81–83 St Mary Street, Cardiff, CF10 1FA
Formerly The Prince of Wales Theatre, this was then a cinema of the same name, built on the site of the New Theatre Royal.
Framed drawing of The Playhouse.
This drawing illustrates how the building used to look internally and externally.
A framed drawing of the theatre during its original use.
A framed drawing of the theatre when it was the Playhouse Pictorial.
The original lease for this site.
Framed original programmes for shows performed in the theatre in 1951.
The shows included are: Top left: Taking Things Quietly, by Ronald Wilkinson. Top right: A Street Car Named Desire, by Tennessee Williams. Bottom right: Tell Tale Murder, by Philip Weathers. Bottom centre: The Hollow, by Agatha Christie. Bottom left: The Gondoliers.
These were presented to Wetherspoon by Mrs Vie Britton and Linda Marcam.
Framed original programmes for shows performed in the theatre in 1952.
The shows included are: Top left: The Man, by Mel Dinelli. Top right: And Her Mother Came Too, by Billy Thatcher and Rolf King. Bottom right: Ram Gopal and his Indian Dancers. Bottom centre: The Desert Song, by James Shirvell. Bottom left: Love in Idleness, by Terrance Rattigan.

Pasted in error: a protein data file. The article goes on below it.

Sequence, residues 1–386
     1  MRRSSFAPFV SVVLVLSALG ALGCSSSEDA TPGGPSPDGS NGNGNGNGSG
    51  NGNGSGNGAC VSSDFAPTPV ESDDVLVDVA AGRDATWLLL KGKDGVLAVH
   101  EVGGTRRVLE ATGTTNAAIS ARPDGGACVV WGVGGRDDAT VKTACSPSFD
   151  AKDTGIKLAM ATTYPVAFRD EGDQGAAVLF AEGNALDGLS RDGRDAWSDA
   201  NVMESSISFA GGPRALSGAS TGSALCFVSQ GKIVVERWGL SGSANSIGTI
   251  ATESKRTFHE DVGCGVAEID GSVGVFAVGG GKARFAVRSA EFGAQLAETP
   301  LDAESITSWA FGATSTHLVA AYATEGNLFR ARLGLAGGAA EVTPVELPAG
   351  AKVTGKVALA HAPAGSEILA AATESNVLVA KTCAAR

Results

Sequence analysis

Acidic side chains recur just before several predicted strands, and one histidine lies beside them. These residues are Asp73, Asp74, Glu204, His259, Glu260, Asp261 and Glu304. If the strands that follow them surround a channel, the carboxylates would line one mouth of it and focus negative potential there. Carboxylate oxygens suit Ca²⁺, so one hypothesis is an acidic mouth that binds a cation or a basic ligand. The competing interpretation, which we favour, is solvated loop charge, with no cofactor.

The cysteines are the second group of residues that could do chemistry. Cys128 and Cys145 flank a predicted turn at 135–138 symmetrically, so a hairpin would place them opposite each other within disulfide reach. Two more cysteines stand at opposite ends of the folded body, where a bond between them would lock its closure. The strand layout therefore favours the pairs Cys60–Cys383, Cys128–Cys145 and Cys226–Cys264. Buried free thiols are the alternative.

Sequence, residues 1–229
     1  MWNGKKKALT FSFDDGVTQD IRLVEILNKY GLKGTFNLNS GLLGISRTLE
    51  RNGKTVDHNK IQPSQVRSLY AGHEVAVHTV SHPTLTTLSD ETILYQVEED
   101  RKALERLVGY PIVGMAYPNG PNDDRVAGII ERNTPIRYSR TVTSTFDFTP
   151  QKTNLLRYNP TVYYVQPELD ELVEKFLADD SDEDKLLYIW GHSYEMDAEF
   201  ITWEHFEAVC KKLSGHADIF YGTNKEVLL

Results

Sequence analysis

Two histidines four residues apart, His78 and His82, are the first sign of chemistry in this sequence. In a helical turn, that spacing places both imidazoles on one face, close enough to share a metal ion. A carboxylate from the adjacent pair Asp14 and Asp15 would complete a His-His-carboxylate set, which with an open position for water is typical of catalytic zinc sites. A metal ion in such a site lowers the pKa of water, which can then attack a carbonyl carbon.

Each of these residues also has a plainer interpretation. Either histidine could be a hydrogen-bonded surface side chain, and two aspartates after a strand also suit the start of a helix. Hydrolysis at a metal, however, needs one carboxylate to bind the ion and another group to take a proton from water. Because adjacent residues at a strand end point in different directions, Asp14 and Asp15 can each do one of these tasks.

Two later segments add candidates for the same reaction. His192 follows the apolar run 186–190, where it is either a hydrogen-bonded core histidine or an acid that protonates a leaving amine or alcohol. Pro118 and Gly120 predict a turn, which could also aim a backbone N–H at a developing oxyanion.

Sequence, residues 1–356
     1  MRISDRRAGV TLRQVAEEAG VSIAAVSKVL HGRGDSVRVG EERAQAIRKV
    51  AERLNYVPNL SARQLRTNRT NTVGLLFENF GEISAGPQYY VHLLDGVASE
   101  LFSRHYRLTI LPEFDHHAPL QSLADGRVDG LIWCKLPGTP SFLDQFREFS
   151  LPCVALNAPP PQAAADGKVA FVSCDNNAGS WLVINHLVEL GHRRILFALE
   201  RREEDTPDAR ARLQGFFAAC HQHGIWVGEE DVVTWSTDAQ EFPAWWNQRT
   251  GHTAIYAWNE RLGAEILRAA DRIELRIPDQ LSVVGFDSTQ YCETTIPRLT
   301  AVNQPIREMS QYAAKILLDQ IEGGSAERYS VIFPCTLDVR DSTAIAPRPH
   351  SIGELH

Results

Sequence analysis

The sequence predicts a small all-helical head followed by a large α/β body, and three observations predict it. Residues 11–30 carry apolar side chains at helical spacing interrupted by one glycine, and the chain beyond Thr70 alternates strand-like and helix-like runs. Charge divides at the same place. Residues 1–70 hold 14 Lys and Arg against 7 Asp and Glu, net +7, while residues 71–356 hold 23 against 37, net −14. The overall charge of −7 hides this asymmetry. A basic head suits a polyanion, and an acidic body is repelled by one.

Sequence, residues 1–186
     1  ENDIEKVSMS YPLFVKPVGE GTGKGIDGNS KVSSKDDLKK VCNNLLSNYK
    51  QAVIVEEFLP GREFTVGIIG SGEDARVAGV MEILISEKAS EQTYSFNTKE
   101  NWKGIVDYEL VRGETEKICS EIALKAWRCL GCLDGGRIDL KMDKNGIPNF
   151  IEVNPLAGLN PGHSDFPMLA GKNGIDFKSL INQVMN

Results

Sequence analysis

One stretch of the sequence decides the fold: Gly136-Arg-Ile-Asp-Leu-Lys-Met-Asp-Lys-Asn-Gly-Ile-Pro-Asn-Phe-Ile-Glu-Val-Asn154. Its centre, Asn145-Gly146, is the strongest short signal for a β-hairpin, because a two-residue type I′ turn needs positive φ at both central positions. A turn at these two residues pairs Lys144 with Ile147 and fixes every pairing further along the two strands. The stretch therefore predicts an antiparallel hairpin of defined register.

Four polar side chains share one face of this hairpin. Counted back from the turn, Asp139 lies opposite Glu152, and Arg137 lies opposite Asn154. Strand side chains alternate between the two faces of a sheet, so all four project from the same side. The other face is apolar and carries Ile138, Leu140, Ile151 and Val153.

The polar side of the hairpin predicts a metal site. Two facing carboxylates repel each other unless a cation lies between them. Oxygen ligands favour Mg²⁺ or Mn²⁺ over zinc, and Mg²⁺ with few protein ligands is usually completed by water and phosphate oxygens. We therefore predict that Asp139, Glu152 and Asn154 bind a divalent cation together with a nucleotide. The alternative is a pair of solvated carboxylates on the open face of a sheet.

These were presented to Wetherspoon by Mrs Vie Britton and Linda Marcam.
A framed poster for a performance of Cavalleria Rusticana and Pagliacci.
This poster advertised the performance which was at the Prince of Wales Theatre. It was for week commencing 15 April 1946, with shows every night at 6.30pm and matinées on Thursday and Saturday at 2.30pm.
A framed poster for a performance of Jack and the Beanstalk.
This poster advertised the performance which was at the Playhouse Pictorial. It was for every day during Christmas week in 1933 (except for Christmas Day) at 2.30pm, 6.15pm and 8.30pm.
A framed poster for a performance of The Arcadians.
This poster advertised the performance which was at the Playhouse Pictorial. It was for week commencing 14 January 1935, with shows twice a night at 6.30pm and 8.45pm, plus a matinée on Saturday at 2.30pm.
A framed drawing, article, poster and text about the first theatres in Cardiff.
The text reads: The first theatre in Cardiff is said to have been over a bonded stores on Quay Wall, Westgate Street, at a time when the River Taff flowed along its route.
The first play performed was Pizarrro. During the death scene the gallery gave way, and the corpse on stage rose in haste, not returning until assured that the danger had passed.
The next theatre was in Trinity Street over a stable, and then there was Collins’ Theatre in St Mary Street, known as The Royal Olympic Theatre.
The original Theatre Royal was built in Crockertown in 1827, close to the site of the Park Hotel in the now pedestrianised city centre, and burnt down in 1877.
Amoung the leading players of the period, perhaps the greatest to have played at the old theatre was Macready, who performed Othello in 1828.